Republicans scored a victory in their quest to retake the Senate majority when the race in Wisconsin was called for incumbent Sen. Ron Johnson over his Democrat opponent, Mandela Barnes.
Democrats thought they might be able to flip Johnson’s seat blue, but they failed to do so in a close race despite spending a lot more money and sending a-listers like former President Barack Obama and Sen. Bernie Sanders (I-VT) to campaign for Barnes.
Johnson began to have a lead in mid-September and was 4.2 points ahead of Barnes in the poll averages by Election Day, according to FiveThirtyEight.
Barnes is the current lieutenant governor and tried to call Johnson an “extremist” for allying with former President Donald Trump.
Barnes on the defensive
Johnson was able to use Barnes’ support for the “Defund the police” movement to paint him as too far-left to represent the state in the Senate.
He put Barnes on the defensive about crime, which has been rising in many cities since the George Floyd riots and defund the police initiatives following COVID.
The Senate now stands at 49 Republicans and 48 Democrats, with three races undecided as counting continues in Arizona and Nevada.
Adam Laxalt (R) holds a 15,000 lead over Katherine Cortez-Masto (D) in Nevada with 165,000 votes left to be counted as of Thursday morning.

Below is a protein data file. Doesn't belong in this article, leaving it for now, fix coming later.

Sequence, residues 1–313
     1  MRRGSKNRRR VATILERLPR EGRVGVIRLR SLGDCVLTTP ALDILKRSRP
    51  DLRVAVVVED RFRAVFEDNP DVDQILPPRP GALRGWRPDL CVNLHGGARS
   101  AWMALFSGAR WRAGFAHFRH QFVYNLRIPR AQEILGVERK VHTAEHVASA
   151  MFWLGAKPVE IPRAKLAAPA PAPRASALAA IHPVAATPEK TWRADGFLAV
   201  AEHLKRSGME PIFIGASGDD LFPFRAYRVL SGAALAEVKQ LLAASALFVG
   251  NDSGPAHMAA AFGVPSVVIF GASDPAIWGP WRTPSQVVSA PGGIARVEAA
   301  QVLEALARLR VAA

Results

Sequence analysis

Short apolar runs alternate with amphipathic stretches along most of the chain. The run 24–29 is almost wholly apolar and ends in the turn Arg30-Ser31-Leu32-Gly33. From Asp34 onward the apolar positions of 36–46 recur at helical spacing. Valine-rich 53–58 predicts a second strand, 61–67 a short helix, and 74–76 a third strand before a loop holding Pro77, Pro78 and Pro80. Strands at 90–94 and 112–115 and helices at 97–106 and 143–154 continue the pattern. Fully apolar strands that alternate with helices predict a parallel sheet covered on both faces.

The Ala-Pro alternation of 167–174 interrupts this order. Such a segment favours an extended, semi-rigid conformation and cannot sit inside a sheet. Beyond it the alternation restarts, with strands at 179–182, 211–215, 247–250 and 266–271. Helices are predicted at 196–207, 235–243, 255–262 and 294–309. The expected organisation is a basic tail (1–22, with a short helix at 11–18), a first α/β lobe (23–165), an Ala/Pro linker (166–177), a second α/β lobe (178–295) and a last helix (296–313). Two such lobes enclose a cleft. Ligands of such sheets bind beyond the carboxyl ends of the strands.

In Arizona, which was plagued with voting problems, Sen. Mark Kelly (D) leads challenger Blake Masters (R) by 95,000 votes, but nearly 600,000 have not yet been counted. Still, Masters would have to get almost two-thirds of the votes left in order to overcome the deficit, and most of those are in the more liberal Maricopa County.
Control of the Senate
If Laxalt holds on in Nevada and Kelly wins in Arizona, control of the Senate will come down to a runoff in the Georgia Senate race between incumbent Democrat Sen. Raphael Warnock and challenger Herschel Walker, a former NFL football player.
Warnock got about 17,500 more votes than Walker, but the runoff on December 5 will take Libertarian Chase Oliver out of the picture. Oliver got 81,000 votes, so if most of those go to Walker, he can win the race.
It’s a whole new election cycle, however, and no doubt pressure will be brought to bear on voters to turn out for their preferred candidate. Last time control of the Senate came down to two runoffs in Georgia, they both went Democrat, so anything is possible at this point.